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McKamey v. Louisville & Nashville Railroad Co.

October 8, 1954



In an action in Harlan Circuit Court appellant sought to recover damages in the sum of $20,000 from appellee, Louisville & Nashville Railroad Company, alleging her intestate's death was proximately caused by appellee's negligence. This is an appeal from a judgment entered upon a verdict directed for appellee at the close of appellant's evidence, the lower court holding appellant had failed to connect her intestate's death with any negligent act of appellee.

The evidence discloses that about 9:00 p. m. on November 24, 1952, William Oscar Robbins was found lying between the rails of a spur-line track belonging to appellee, which track is located in Harlan County and extends from the main line of the railroad at Lenarue to Mary Helen. The accident occurred near the community of Mary Helen, a small, unincorporated mining settlement. At the time he was discovered, Robbins was in an unconscious and dying condition and lay parallel with the tracks, with a severed foot lying outside of one of the rails of the track, thus indicating some heavy object had run over the leg between the knee and ankle. Robbins had also received severe head injuries and his chest had been crushed as a result of a blow from the back. The body was some 10 or 15 feet distant from a passway or old crossing. Robbins died while he was being removed to a nearby hospital.

In urging a reversal, appellant insists the lower court erred when it instructed the jury to find for appellee, first, because appellant had failed to establish that Robbins was killed at a public crossing, and next, because appellant had failed to establish that Robbins' injuries and death resulted proximately from the negligent operation of a train of appellee's. It is appellant's contention, on the contrary, that Robbins was fatally hurt at a public crossing and it is argued in this connection that the accident was due to appellee's failure to give warning and keep a lookout at the crossing.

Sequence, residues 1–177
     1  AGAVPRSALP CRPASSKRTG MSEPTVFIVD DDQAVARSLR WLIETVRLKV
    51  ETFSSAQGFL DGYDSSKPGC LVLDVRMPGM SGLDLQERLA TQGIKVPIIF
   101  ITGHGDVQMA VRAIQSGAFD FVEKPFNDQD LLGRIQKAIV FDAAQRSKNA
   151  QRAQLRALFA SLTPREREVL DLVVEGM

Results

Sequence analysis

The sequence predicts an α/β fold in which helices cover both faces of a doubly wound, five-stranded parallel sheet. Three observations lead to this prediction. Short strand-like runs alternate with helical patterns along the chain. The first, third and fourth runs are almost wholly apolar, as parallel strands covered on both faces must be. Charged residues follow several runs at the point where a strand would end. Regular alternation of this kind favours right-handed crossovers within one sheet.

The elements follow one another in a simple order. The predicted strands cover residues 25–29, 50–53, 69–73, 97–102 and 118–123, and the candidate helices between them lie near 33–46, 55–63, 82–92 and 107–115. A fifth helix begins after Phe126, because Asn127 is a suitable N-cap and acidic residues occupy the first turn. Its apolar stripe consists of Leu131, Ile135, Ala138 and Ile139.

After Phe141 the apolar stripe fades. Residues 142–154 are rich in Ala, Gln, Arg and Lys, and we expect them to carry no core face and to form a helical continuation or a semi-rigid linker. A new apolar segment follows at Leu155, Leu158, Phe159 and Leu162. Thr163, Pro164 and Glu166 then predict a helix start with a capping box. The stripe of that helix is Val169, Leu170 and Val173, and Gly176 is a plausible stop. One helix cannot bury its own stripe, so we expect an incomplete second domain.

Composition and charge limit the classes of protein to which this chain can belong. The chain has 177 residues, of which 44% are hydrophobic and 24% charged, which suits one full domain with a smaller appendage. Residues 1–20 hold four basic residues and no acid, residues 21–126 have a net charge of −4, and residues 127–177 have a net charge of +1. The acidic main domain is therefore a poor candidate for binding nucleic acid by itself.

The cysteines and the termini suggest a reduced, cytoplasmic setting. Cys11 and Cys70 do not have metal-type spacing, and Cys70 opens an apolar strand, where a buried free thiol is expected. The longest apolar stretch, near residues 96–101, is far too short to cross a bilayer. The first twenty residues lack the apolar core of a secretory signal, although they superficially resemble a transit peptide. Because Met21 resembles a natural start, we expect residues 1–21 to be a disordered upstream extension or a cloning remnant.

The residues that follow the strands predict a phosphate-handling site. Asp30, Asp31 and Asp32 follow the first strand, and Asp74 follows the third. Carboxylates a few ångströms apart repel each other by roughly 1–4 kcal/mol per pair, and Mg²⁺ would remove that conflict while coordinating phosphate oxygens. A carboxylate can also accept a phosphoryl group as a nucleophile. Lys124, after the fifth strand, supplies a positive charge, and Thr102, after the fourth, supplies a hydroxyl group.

The record is silent as to how Robbins received his injuries. The reason is that no one saw the mishap. Appellant's witnesses, Dr. William Smith and Reid Brock, both of whom arrived after the accident, saw Robbins in a stricken condition on the railroad track, and each testified Robbins was found at a point from 10 to 15 feet from a passway or an old crossing. Brock also stated that the passway or old crossing, some years back, had been used as a logging road and that it presently served only one house up in a "little hollow' beyond the railroad. There is no evidence that the crossing had ever been dedicated for public use or that the proper authorities of Harlan County had ever accepted and established the crossing as a public road or had ever worked it as a public way. At the most, it seems to have been used only occasionally. Aside from the fact that it was not proven Robbins was struck by one of appellee's trains at the crossing near which he was found, the evidence does not support appellant's theory that it was a public crossing or one where the duty to give a warning or to keep a lookout were owed at 9:00 o'clock at night. Louisville & N. R. Co. v. Engle, 278 Ky. 576, 129 S.W.2d 133; Hungate v. Hines, 188 Ky. 365, 222 S.W. 83. Nor does it appear that this was a private crossing, used with such frequency by a sufficient number of persons and with the consent of the railroad, as would require the precautionary duties contended for by appellant. Deitz' Adm'x v. Cincinnati, N. O. & T. P. Ry. Co., 296 Ky. 279, 176 S.W.2d 699; Louisville & N. R. Co. v. Jackson, 286 Ky. 595, 151 S.W.2d 386. In our opinion the lower court properly held the evidence did not establish that the passway or old road was a public crossing. It follows that appellee was relieved of the duty to give warning and maintain a lookout as if the crossing were a public one.